Although law is only part of the answer to how to deal with this crisis in election legitimacy, it is an important piece. Congress or states could do much to assure that voters have good access to fair and truthful information to make decisions about how to vote consistent with their values and interests, and so that they can have confidence that elections are being conducted fairly and results reported accurately. And this can be done while maintaining a strong commitment to robust speech protections during campaigns.
Read the story on Slate
Speaking Of… The rightwing legal strategy that could undo decades of civil rights
The Supreme Court recently agreed to review a case that threatens to undo decades of civil rights protections by allowing business owners to return to a darker time in which they were allowed to fill the marketplace with discriminatory signs. In 303 Creative LLC v. Elenis, a web designer named Lorie Smith seeks the court’s permission to publicly announce that due to her religious convictions, her company “will not be able to create websites for same-sex marriages or any other marriage that is not between one man and one woman.”
The request conflicts with the law in most U.S. jurisdictions, including Colorado, where Smith resides. The law in those jurisdictions requires businesses open to the public to serve everyone and avoid discriminating on the basis of sex—and that includes, explicitly or implicitly, discrimination based on sexual orientation or gender identity. Unprecedentedly, the court agreed to discuss what it had set aside until now: the argument that some businesses should be free to deny certain clients due to their owners’ freedom of speech that allegedly stretches to their commercial activities.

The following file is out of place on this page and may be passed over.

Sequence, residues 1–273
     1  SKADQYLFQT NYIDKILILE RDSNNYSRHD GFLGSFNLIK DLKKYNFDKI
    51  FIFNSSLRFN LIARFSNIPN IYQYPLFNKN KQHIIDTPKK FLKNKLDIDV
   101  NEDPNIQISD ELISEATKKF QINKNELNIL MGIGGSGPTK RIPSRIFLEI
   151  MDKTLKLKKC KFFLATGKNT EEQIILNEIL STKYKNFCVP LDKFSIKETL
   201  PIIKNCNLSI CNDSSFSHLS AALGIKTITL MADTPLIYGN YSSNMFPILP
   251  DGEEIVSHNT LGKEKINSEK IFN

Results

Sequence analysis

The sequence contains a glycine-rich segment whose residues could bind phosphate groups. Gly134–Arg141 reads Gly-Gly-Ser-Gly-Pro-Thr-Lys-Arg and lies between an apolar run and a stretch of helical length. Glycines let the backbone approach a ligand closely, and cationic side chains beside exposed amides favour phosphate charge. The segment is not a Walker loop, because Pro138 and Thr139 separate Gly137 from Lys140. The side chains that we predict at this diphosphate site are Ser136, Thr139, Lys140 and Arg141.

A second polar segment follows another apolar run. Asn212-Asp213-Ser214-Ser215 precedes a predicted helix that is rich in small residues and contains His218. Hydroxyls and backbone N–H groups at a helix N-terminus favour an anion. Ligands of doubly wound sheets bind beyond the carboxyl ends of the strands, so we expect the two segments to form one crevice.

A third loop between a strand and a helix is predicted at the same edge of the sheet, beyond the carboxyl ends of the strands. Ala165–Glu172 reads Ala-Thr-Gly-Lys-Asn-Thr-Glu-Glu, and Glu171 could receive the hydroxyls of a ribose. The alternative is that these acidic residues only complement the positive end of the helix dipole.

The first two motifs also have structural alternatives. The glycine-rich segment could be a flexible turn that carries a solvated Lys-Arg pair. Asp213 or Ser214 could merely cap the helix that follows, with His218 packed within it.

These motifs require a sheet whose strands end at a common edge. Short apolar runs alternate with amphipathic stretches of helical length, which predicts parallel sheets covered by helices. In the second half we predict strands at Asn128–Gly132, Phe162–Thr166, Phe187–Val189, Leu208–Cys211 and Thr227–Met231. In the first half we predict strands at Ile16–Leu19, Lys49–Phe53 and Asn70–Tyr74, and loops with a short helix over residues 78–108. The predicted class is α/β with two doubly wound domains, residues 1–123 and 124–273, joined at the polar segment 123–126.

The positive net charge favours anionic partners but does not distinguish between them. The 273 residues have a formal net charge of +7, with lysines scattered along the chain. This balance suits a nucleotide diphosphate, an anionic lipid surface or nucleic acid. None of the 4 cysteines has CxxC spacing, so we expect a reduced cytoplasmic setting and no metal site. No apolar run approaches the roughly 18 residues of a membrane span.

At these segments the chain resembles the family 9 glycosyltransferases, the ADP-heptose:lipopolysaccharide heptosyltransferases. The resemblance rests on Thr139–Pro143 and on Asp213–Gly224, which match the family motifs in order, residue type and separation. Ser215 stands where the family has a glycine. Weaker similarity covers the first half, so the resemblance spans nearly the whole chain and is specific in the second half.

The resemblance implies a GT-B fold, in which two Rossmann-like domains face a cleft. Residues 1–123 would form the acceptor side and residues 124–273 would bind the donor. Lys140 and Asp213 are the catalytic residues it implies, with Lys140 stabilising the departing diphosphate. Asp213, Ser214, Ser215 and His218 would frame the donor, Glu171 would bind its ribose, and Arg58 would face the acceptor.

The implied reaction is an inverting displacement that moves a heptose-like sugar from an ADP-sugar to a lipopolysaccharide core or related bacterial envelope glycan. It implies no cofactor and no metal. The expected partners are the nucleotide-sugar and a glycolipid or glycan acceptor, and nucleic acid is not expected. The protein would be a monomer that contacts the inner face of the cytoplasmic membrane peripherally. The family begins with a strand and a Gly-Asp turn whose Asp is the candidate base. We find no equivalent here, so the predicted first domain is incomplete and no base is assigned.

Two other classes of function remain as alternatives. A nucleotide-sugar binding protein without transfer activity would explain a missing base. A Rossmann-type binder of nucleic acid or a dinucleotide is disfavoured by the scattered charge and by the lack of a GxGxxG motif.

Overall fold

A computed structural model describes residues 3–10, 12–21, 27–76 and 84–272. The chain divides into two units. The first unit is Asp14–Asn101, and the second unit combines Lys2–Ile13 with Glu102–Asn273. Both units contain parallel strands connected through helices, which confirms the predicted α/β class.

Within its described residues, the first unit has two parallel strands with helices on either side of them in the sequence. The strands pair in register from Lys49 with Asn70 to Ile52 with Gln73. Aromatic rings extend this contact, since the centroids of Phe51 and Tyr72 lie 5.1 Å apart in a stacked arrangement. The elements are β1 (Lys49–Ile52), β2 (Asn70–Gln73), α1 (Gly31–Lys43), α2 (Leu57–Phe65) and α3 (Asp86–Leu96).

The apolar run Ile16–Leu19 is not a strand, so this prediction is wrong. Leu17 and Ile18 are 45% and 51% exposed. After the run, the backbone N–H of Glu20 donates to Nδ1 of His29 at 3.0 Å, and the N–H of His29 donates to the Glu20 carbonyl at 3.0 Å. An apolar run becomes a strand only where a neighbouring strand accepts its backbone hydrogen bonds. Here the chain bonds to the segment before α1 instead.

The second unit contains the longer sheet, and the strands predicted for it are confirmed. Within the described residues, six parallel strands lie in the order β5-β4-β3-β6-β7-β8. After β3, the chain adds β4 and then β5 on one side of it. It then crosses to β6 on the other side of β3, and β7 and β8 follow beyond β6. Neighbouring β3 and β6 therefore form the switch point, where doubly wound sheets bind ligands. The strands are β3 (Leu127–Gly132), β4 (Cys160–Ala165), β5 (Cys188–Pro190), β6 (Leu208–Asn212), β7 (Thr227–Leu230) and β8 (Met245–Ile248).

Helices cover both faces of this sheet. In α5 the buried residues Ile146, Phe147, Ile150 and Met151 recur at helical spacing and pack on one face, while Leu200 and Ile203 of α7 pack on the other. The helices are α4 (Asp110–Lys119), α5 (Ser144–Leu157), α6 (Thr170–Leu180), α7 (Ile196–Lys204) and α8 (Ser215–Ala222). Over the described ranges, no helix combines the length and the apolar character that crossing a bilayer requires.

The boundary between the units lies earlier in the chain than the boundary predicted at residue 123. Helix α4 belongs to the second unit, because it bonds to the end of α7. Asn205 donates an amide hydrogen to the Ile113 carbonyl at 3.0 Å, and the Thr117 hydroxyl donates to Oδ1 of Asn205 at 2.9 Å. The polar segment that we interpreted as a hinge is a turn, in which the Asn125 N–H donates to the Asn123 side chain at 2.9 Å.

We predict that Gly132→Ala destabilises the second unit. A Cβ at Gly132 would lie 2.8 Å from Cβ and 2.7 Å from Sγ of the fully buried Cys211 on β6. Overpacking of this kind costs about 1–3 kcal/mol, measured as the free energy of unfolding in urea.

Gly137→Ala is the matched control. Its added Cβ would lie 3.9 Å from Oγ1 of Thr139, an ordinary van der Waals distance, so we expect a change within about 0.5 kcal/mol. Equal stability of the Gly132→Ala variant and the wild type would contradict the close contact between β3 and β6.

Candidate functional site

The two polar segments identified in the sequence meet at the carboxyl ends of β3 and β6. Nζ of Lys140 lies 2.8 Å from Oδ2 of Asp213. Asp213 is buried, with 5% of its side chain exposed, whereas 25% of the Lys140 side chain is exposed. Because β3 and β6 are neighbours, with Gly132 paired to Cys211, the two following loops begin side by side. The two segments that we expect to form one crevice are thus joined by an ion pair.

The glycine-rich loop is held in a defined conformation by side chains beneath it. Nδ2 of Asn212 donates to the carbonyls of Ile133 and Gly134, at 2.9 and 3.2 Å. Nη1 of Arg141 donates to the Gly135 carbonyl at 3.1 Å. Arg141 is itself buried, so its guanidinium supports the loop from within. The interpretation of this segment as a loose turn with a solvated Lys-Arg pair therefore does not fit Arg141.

Alarmingly, the court seems prepared to enable the intentional harm such discriminatory “speech” is designed to cause.
How did we get to this low point? The answer starts with understanding that Smith’s legal battle is highly hypothetical: Her business does not offer wedding-related services to anyone, and thus she was never asked to offer, nor did she refuse to offer, marriage-related services to LGBTQ couples. So why would she relentlessly litigate the matter for years? As others noted, part of the explanation is that her case is a test case, intentionally brought to the court with the active help of a leading conservative advocacy group, the Alliance Defending Freedom, or ADF. However, there is much more to the story.
303 Creative is not stand-alone litigation. Rather, it is part of a nationwide experimental legal strategy spearheaded by the ADF to advance a broader anti-LGBTQ project. The strategy is aggressive and preemptive, as I have documented in my research on the group’s methods leading up to Smith’s case. The ADF seeks to secure an advance judicial permission to engage in what is currently forbidden after the fact: refusals to transact with LGBTQ parties. In a wave of preemptive proceedings, the organization represents businesses owned by devout Christians who declare an intention to refuse to deal with LGBTQ couples in the context of marriage. These businesses sue before they deny anyone service and thus, by definition, without being challenged by any legal authority.
Read the story on Slate
ChangeLawyers hiring legal fellow
We seek to hire a full time immigration legal fellow to increase representation of detained immigrants before the Immigration Court, Board of Immigration Appeals, and before federal district courts.
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March 24 at 12 Noon PST
Does asking for a raise give you anxiety?
Virtual event on March 24. Register here >